Our co-op classes ended for preK-8th a couple of weeks ago. That freed up a little bit of brain-space for me, as I was co-teaching a literature class for middle schoolers. Here is Duncan with his last project. We challenged them to create a book cover for either one of the books we read or to combine two or more of the books in some way. Duncan took The Odyssey and Alice in Wonderland to create…
Boy Scout spring camporee hit in mid-April. I don't really have anything to do with camporee, but this one took a lot of preparation on Duncan and Randy's part. Duncan's leadership role in the troop this spring was to put together cooking boxes for each patrol. He had to purchase, label, and pack 4 tubs with all the supplies each patrol would need for their meals (not including food). This was quite a project, which started weeks beforehand with going to various stores and comparing prices. It was a great learning experience for him.
He was also charged with making his patrol's new flag for camporee because he apparently drew the best honey badger, their chosen patrol name.
The same weekend that the boys had camporee, I had our support group's annual Homeschooling 101 to do. I've been doing this for about 9 years, and I really love everything about it. (Here is how we do Homeschooling 101, in case you think it would be a good idea where you are!) We had about 35 potential homeschoolers come. Interestingly, all but about 3 of them were parents who are pulling their kids out of public school. When I started doing this 9 years ago, most of our attendees were parents who were starting their kids fresh at the kindergarten level. Throughout the years we've had more and more people say they are done with the school system. We had a bunch of families pulling their kids out of "the best" area high school. It is rarely about academics and almost always about giving their kids—and their families— a better life.
Next up was our last American Heritage Girls meeting of the year. Since this has been our 10th year, we ended with a 10 year birthday party/carnival. It was an absolute success! We had 5 birthday cakes, all kinds of carnival games, a photo booth, and a perfect spring day for it all. This picture is of those of us who have been in our troop for all 10 years. Imagine: those girls were 5 and 6 years old when we started!
The very next evening was the prom! Our support group puts on an amazing prom. This year it was in Knoxville's Sunsphere, which, if you've ever been in or through Knoxville, is that weird golden ball structure that stand in the middle of downtown, constructed for the World's Fair. Laurel was treated like an absolute princess by her date, who, along with his mom, is one of my favorite people. Also, she got her braces off the day before prom!!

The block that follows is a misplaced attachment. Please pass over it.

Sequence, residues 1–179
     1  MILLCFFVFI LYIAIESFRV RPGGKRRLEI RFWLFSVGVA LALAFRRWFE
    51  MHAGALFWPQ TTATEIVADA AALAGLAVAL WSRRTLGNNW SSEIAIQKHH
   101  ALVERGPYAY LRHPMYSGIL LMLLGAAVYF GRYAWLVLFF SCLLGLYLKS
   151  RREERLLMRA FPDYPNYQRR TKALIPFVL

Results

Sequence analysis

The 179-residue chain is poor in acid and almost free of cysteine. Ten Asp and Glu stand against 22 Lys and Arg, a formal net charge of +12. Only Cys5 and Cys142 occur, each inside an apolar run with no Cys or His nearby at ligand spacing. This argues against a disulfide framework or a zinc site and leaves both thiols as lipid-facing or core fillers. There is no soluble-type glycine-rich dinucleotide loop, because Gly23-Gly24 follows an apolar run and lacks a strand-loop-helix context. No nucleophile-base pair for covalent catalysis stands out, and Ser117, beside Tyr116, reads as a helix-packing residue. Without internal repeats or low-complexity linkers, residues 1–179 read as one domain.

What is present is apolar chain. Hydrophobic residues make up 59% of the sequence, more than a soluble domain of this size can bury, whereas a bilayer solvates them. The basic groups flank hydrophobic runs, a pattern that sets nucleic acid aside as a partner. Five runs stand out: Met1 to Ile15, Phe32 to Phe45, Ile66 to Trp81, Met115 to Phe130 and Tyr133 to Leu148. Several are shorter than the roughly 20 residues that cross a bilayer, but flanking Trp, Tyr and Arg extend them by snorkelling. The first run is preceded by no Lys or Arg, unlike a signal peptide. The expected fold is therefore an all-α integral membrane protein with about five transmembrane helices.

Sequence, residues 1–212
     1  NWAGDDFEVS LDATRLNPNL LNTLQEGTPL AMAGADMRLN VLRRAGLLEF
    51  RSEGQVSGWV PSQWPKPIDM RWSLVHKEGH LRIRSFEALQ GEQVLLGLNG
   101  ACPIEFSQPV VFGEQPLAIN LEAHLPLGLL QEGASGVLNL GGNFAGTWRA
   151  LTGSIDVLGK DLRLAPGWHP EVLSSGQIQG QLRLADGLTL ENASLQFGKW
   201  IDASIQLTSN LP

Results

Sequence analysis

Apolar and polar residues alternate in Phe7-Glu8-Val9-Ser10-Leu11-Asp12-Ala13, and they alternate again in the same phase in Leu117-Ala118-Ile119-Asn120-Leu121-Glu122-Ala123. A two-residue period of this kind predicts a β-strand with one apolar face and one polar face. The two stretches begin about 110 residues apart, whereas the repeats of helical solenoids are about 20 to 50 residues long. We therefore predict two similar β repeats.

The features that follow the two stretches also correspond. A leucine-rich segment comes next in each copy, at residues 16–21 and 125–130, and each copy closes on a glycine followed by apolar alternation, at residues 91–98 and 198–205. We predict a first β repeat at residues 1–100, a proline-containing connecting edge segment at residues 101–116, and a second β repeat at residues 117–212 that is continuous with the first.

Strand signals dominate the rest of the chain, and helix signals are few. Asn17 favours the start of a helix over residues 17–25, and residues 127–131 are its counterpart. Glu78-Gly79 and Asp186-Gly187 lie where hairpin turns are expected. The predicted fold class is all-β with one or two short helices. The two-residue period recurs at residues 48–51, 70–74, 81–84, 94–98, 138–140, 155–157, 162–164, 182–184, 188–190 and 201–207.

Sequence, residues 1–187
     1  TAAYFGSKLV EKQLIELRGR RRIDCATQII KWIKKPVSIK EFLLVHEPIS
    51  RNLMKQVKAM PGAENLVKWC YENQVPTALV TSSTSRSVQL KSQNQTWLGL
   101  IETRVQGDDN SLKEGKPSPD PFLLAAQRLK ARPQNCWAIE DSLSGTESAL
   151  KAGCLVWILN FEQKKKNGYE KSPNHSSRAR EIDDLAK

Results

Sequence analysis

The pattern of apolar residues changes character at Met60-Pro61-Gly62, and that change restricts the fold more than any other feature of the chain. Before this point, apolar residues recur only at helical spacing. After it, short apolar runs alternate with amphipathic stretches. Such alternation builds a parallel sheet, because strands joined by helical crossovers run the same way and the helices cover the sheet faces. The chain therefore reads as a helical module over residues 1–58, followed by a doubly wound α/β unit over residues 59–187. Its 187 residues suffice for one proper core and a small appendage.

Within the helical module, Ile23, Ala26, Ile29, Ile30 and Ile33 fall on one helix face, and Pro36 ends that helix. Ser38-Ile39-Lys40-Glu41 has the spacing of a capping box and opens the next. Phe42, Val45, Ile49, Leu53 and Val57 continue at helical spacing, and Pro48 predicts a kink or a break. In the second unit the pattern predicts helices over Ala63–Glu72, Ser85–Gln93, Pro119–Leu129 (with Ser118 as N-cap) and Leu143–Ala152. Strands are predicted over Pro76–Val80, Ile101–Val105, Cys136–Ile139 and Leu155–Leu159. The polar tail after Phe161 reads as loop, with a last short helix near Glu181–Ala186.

And just a few days before the prom, we volunteered to host the after-prom party because the other after-prom event fell through. I spent a few days beforehand frantically and furiously cleaning the house. The party was fantastic. We probably had 45 kids and a dozen parents here from 11:30- 2 a.m., hanging out in the house, apartment, by the fire, playing basketball and foosball, etc. I was utterly exhausted when it was all over.
But no rest for the weary. The next night was our first AHG Hoe-Down, another 10-year-event. It was adorable watching all the girls dressed in their cowboy boots, swinging their partners. We had a low turn-out and I was completely exhausted, but they had a great time. I hope it becomes an annual event.
In the midst of all of this, we had all our normal things, too. Co-op classes continue for Laurel, although her government class has ended. Duncan and I have continued learning about WWII, doing math, grammar, and all of that. School goes on around here sometimes sporadically when we have crazy months like this, but learning happens all the time. Duncan's 30 lessons into his algebra book for next year, so I'm feeling pretty awesome about math. One semester as a second grader seemed short, but I think he's ready for 8th grade next year. My goal for this summer is to convince him that reading actually is pleasurable. I know. How did we get a kid who doesn't love to read? He loves to be read to, and he's a fluent reader, but he just doesn't get the I-need-books-to-live thing.
Jesse came home from college a few days ago. It is absolutely crazy to think that our son will be a senior next year. Sheesh!! We are so incredibly proud of him for receiving three writing awards, including Belmont University's top writing award (which included cash!!). And he pulled up his grades yesterday and found out he had a perfect 4.0! He's been on the dean's list every semester, but this is the first solid 4.0 he's received. So amazing!
Last night was a huge, incredibly time-consuming event: our troop's End-of-the-Year Awards Ceremony—but also our passing-of-the-torch ceremony. Caroline and I have been troop coordinators for all 10 years, and it was time for us to retire. Last night was amazing and overwhelming, but that will be for another post. For now, I'll end with us receiving flowers at the end of the ceremony.
Next week, I have one more American Lit class to teach on Monday—and then we're off to Paris!!
Linked up for the first time in a really long time with the Weekly Wrap-Up at Weird, Unsocialized Homeschoolers